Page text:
British Columbia

Judge tosses B.C. dads' application for stricter COVID-19 protocols in schools

A bid by two dads to force the provincial government to implement mandatory masks and strict physical distancing in classrooms has been rejected by a B.C. Supreme Court judge.

Parents had asked for an injunction requiring masks and physical distancing in classrooms

Gary Shuster, right, and Bernard Trest with son Max, left, filed a legal challenge to B.C's back-to-school plan. (Eric Rankin/ CBC)

A bid by two dads to force the provincial government to implement mandatory masks and strict physical distancing in classrooms has been rejected by a B.C. Supreme Court judge.

Bernard Trest and Gary Shuster filed an application in August for an injunction, arguing that without tougher COVID-19 safety measures, B.C.'s plan for reopening schools "not only endangers the lives of students and teachers, but also that of the broader community."

But in a Sept. 30 judgment, Justice Jasvinder Basran dismissed that application, writing that the two parents have not laid the necessary groundwork for a case showing they've suffered irreparable harm as a result of the government's decisions.

The judge said the public interest is best served by relying on the advice of Provincial Health Officer Dr. Bonnie Henry and her team, who have supported the government's reopening guidelines.

"The evidence before me shows that their guidance, advice and policies such as the Restart Plan are firmly rooted in current scientific knowledge and best practices. The fact that some of this advice is not universally accepted is insufficient to conclude that the government has clearly chosen the wrong approach in terms of the public interest," he wrote.

On the question of masks, Basran noted that face coverings are currently required in hallways and other high-traffic areas of schools.

He said a blanket mandatory mask policy covering all school areas might be counterproductive because it "could detract from the effectiveness of more effective means of limiting transmission" like hand-washing and physical distancing.

"The evidence shows that public health officials thoughtfully and comprehensively considered the use of masks in schools. They considered the research and current scientific information regarding the use of masks and concluded that some masking in schools was required, but a widespread mandatory masking policy is not necessary at this time," Basran wrote.

As for physical distancing measures, the judge said that the creation of learning groups of 60 to 120 students who aren't required to keep a two-metre distance from each other "is based on sound scientific advice applied in conjunction with the need to provide children with an education."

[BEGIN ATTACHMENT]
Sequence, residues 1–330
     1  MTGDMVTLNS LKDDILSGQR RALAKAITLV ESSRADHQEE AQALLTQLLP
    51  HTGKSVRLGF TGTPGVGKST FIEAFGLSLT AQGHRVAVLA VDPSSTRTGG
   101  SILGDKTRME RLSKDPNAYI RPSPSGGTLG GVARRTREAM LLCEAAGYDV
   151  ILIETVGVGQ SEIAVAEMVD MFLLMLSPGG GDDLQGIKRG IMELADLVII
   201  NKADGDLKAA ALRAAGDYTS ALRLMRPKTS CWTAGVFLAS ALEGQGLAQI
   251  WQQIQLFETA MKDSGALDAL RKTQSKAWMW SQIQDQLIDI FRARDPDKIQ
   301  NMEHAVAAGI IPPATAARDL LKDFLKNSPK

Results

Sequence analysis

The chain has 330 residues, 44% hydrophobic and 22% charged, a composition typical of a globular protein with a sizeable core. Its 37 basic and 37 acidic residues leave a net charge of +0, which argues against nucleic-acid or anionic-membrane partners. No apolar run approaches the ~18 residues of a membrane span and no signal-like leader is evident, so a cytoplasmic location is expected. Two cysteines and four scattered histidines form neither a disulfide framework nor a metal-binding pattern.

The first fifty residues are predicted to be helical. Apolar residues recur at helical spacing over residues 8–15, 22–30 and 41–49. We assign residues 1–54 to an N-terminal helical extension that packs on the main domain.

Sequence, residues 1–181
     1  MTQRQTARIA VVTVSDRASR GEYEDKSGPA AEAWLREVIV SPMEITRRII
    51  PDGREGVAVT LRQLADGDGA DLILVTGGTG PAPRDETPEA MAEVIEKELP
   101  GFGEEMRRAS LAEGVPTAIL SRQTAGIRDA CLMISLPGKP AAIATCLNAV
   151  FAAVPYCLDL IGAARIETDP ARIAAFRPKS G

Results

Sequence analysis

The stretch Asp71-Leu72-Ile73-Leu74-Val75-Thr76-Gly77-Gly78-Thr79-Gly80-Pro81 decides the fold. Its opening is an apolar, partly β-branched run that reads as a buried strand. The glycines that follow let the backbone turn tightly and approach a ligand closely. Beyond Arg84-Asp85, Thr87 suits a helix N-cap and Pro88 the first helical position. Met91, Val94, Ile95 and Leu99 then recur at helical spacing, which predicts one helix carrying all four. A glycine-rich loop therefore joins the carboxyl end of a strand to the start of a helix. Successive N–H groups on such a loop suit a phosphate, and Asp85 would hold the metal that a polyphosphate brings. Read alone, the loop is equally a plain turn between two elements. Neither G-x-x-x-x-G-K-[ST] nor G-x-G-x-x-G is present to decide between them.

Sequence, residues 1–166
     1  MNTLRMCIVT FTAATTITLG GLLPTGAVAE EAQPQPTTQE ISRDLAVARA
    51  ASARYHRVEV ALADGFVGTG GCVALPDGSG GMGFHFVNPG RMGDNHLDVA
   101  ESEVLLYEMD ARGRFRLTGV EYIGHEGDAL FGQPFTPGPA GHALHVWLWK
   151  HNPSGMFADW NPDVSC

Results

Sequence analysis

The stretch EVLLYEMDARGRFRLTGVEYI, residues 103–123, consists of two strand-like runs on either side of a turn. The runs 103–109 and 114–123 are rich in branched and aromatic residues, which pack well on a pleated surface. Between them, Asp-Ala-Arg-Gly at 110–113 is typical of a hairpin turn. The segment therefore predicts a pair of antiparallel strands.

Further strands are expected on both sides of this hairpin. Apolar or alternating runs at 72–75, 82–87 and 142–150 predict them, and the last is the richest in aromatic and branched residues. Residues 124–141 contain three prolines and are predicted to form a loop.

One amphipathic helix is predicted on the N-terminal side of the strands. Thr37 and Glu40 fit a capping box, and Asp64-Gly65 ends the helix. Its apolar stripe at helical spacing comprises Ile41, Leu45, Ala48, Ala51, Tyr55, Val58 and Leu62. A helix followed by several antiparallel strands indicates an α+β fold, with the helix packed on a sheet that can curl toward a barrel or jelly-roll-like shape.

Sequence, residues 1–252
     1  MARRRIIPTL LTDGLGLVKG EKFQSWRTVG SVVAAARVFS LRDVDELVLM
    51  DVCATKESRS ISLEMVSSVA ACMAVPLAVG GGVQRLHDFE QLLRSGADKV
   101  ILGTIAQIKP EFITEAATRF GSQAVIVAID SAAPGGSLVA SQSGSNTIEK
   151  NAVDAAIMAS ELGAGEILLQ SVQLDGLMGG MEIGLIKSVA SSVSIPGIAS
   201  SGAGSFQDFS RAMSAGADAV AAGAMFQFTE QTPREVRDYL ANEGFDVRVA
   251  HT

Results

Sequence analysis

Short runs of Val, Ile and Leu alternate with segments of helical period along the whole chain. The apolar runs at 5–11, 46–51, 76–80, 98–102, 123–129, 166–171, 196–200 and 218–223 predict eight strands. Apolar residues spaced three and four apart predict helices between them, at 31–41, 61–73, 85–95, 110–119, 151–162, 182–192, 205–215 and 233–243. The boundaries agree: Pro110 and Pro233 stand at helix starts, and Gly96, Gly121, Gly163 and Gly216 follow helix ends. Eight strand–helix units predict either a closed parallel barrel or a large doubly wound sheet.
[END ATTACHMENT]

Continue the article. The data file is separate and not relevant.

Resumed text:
No requirement to attend school in person

Trest, who has a son in the Surrey school system, and Shuster, whose daughters go to school in Vancouver, both live with immunocompromised family members.

Trest and his 10-year-old son Max have asthma triggered by viral infections, while Shuster's wife has cancer. They told CBC this summer that they feared their children could bring home potentially fatal infections with the novel coronavirus.

"I don't want to put my wife at risk and I don't want my kids to … walk around the rest of their lives thinking, 'I injured my parent,' " Shuster said in August.

A teacher arrives at John Oliver Secondary School in Vancouver, B.C., on Sept. 8. (Ben Nelms/CBC)

But Basran notes that both the Surrey and Vancouver school districts offer options for remote learning that would allow the Shuster and Trest children to learn from home.

"There is no requirement for their children to attend school in person," he said.

Basran acknowledged that Trest wants his son to be in class so he can participate in a specialized program for gifted children, but said that preference isn't enough to mandate masks and physical distancing across the board.

"Mr. Trest's son is certainly entitled to receive an education, but he is not entitled to attend a specific in‑person program on terms that are not consistent with prevailing scientific knowledge and best practices," Basran wrote.

The return to in-class learning this fall has prompted anxiety in parents and teachers across the province, and dozens of potential COVID-19 exposure events have been reported in schools.

But in Henry's most recent modelling presentation on the pandemic's effects in B.C., she said opening schools has not caused an increase in transmission of the virus.

She said school-age children account for less than 10 per cent of new cases, a percentage that has remained relatively steady throughout the pandemic.


Bethany Lindsay


Bethany Lindsay is a B.C. journalist with a focus on the courts, health, science and social justice issues. Questions or news tips? Get in touch at or on Twitter through @bethanylindsay.

With files from Eric Rankin


To encourage thoughtful and respectful conversations, first and last names will appear with each submission to CBC/Radio-Canada's online communities (except in children and youth-oriented communities). Pseudonyms will no longer be permitted.

By submitting a comment, you accept that CBC has the right to reproduce and publish that comment in whole or in part, in any manner CBC chooses. Please note that CBC does not endorse the opinions expressed in comments. Comments on this story are moderated according to our Submission Guidelines. Comments are welcome while open. We reserve the right to close comments at any time.

Become a CBC Member

Join the conversationCreate account

Already have an account?